Algorithm Testing is a necessary part of both FIPS 140 validations as well as some Common Criteria (CC) certifications. This testing isn’t without risk, and failing to properly prepare for algorithm testing can cause missed milestones, strain development resources, and introduce unnecessary uncertainty in the process.

Here are some steps vendors can take to help manage the risks of algorithm testing:

1) Start Early

It’s never too early to start planning. Algorithm testing has its own challenges, and discovering those late in the process can cause missed milestone and unnecessary risk. Find a consultant who can help you with the process, or work with a lab that can provide the type of assistance you’ll need to prepare for testing. Not all labs are equally skilled at providing the engineering support necessary to properly prepare for algorithm testing.

When you’re planning milestones, you should figure that algorithm testing is going to take 2-4 weeks. That time might be somewhat front-loaded with preparation work, but at least 2 weeks of it will come late in the process. You’re going to be submitting the final FIPS build of your product to the lab for testing, and that build might be hot off your internal QA lab.

There will naturally be a tension between the delivery of the final build and the urgency to get the FIPS testing process started as soon as possible. Most labs will only do functional testing after algorithm testing. If any problems are discovered in algorithm testing, it typically means some changes to the module are needed to remediate the problems. Those changes would invalidate and functional testing, causing delays and repeated work.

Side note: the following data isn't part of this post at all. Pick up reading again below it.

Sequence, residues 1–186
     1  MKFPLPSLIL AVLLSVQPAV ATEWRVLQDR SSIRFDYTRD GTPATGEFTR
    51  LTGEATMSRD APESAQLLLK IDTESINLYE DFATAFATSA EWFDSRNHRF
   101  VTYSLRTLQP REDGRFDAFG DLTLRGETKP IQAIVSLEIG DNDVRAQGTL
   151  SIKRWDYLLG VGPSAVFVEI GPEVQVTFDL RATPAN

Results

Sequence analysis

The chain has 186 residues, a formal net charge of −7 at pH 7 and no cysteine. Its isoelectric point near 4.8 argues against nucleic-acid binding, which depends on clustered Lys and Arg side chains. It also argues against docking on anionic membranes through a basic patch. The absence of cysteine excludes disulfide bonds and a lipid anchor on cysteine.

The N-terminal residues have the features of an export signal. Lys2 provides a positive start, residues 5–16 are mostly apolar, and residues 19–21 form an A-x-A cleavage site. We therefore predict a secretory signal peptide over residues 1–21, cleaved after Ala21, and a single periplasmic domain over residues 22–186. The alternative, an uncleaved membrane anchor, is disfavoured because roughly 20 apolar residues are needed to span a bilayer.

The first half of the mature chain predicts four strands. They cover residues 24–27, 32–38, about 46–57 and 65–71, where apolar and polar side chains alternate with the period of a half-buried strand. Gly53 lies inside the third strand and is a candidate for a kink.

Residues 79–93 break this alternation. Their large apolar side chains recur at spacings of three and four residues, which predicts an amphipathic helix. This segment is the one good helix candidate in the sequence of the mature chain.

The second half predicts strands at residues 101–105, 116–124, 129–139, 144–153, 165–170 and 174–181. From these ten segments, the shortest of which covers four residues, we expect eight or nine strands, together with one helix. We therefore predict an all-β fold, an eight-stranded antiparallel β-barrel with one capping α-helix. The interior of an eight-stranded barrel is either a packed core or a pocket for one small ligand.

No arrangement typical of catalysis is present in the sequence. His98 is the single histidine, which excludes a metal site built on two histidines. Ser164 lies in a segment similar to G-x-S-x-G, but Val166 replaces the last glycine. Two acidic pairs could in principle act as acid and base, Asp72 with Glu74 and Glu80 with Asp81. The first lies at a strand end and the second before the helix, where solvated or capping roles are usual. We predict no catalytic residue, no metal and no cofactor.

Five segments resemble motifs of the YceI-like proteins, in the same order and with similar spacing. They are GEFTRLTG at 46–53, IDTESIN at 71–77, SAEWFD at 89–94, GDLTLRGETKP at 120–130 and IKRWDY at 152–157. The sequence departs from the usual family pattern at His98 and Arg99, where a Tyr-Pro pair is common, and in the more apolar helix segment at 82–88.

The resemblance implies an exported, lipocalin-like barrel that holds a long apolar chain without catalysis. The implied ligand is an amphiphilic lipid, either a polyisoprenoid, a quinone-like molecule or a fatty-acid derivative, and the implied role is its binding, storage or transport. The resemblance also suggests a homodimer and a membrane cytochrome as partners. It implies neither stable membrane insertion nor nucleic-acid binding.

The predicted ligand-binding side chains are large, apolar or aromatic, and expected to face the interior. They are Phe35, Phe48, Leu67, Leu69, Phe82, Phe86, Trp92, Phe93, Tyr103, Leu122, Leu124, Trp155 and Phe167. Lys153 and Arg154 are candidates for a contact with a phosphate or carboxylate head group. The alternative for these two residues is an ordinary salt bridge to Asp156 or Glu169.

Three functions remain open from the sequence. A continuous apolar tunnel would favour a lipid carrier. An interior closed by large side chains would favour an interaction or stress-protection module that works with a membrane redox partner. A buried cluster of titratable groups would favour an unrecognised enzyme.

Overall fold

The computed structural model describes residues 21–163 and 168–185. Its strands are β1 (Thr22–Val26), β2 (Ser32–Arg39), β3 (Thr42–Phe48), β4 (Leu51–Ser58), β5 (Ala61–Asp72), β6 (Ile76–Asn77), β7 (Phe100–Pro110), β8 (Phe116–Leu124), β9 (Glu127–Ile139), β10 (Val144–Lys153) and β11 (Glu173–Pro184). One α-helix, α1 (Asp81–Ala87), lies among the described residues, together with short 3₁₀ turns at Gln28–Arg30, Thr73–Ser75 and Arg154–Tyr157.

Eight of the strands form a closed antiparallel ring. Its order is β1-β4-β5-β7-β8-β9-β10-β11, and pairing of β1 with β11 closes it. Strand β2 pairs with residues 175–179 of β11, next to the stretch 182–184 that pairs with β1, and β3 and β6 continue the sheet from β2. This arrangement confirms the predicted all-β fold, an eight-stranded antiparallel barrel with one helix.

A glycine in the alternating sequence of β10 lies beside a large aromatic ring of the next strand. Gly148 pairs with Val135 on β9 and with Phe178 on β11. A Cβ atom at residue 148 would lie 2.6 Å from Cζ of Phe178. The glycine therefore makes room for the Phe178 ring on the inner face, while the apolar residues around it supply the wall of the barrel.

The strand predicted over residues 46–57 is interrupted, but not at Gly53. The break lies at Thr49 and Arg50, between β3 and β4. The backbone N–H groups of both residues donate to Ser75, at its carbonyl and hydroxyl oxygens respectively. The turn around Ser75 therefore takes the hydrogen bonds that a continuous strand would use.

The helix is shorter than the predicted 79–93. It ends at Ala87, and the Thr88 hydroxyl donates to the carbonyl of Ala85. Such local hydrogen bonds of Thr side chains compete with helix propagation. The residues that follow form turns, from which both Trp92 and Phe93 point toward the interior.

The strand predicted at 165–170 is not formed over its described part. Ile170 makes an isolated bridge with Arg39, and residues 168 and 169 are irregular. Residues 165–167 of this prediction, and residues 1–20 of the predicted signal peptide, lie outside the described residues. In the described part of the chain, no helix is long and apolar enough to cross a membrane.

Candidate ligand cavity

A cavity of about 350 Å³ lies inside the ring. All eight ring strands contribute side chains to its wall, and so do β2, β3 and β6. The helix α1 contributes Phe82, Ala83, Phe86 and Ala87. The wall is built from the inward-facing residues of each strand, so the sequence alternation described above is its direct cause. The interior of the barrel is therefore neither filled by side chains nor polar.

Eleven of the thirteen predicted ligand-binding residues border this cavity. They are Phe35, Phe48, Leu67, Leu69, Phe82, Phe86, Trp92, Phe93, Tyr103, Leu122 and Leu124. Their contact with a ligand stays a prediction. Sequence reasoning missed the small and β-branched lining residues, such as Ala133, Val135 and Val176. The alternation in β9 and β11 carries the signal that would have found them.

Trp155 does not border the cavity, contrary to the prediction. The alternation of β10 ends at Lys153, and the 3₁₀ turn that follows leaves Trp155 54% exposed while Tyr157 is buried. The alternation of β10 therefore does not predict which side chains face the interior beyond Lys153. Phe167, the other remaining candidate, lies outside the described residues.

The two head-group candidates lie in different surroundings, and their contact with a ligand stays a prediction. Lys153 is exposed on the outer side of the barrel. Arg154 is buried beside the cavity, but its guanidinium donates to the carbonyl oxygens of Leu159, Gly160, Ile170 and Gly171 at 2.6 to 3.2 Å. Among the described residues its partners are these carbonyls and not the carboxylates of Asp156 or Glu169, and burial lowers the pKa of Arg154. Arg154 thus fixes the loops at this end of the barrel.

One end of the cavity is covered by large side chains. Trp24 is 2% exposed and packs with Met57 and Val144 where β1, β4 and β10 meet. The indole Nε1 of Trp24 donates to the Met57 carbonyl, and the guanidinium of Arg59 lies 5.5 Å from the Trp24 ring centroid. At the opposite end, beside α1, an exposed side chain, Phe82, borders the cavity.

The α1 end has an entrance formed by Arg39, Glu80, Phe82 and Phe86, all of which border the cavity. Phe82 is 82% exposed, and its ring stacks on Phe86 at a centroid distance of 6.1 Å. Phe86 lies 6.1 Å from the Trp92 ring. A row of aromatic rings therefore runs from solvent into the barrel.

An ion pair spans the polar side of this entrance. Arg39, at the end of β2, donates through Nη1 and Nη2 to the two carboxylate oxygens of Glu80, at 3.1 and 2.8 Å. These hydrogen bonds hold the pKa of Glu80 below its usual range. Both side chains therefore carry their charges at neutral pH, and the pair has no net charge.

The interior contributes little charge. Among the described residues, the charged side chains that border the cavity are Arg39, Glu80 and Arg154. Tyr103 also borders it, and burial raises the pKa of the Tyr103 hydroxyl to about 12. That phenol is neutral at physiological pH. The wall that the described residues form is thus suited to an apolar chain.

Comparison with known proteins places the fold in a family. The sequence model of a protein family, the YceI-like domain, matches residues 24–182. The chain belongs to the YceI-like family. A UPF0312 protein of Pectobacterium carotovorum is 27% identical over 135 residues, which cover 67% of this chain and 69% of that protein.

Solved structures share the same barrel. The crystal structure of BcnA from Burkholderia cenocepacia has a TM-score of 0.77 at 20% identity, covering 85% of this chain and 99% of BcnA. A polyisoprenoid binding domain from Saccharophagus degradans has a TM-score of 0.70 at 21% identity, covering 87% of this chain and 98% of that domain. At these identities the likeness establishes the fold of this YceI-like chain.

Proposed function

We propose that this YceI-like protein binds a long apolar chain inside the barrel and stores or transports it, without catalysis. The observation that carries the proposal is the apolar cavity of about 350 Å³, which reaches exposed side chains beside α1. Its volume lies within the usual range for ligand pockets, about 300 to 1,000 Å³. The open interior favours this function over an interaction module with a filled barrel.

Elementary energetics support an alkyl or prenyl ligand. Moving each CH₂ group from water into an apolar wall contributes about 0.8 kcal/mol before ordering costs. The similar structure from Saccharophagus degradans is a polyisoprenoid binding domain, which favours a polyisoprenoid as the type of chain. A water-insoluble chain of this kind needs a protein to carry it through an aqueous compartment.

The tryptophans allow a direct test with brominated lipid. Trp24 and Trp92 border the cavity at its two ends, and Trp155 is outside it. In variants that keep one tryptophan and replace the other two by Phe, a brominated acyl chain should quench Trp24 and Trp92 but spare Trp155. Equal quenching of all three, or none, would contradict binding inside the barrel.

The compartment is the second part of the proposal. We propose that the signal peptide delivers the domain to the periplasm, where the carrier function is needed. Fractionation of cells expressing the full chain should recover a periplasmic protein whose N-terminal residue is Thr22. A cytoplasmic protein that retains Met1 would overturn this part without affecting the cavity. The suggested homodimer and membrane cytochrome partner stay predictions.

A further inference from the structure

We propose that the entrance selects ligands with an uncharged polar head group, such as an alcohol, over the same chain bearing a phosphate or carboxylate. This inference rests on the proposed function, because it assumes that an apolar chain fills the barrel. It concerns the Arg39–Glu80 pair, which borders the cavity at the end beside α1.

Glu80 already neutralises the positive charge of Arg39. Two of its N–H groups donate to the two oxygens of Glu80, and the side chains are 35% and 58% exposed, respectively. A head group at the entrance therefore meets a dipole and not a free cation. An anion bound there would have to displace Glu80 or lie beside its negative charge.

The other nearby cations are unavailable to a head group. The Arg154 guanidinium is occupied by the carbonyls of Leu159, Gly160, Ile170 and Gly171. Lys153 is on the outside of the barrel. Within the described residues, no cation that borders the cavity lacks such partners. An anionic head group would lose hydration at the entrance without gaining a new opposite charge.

You’ll need to make sure that you account for the estimated 2 weeks for algorithm testing between the delivery of the final build and the start of functional testing.

2) Bring engineering resources

Vendors should assign a point-person to oversee algorithm testing. That person should be familiar with the cryptographic provider within the product, as well as the uses of cryptography in the larger product.

This point-person will be the direct interface between the consultant or lab that’s assisting with testing. The consultant or lab will need to determine the scope of testing, the complete list of algorithms to test, and even the modes and limitations of the module.

3) Know your module

You’ll need to know all of the algorithms implemented by your module, as well as the modes and limitations of those algorithms. Does your RSA Signature Verification handle both 2K and 3K keys? Is your SHA implementation bit- or byte-oriented?

For most Open Source libraries, such as OpenSSL and Bouncy Castle, these capabilities are well known. If you’re using a custom solution, or a closed-source library, then you will need to be able to work with your consultant or lab to help determine those capabilities.

4) Pesky Data

Algorithm testing occasionally requires the demonstration of capabilities that are outside of the normal usage of the cryptography. For example, to test DRBG, the entropy is specified in the test and must be the exclusive entropy provided to the module. Most “live” DRBGs will automatically pull entropy from the system for their initial state, and might additionally pull entropy when certain reseed thresholds are met. This default behavior must be prevented under test circumstances.

The full details of these instances of “pesky data” required for testing are beyond the scope of this blog. Your consultant or lab can help you identify these problem areas, and give you advice on how to address this requirement. A typical solution is to produce a “testing” build of the module, or to provide a system of runtime settings that can set the module into a testing mode. There is no right way to do it — it depends on your specific circumstances.

5) Document for next time

Have you point-person everything they can about the process and the methods that were undertaken to complete testing. This documentation will be invaluable should you decide to re-validate your module in the future. Your staff may change over time, and that knowledge could be lost. Save yourself the time and effort of re-discovering all the valuable information and lessons you learned through the process.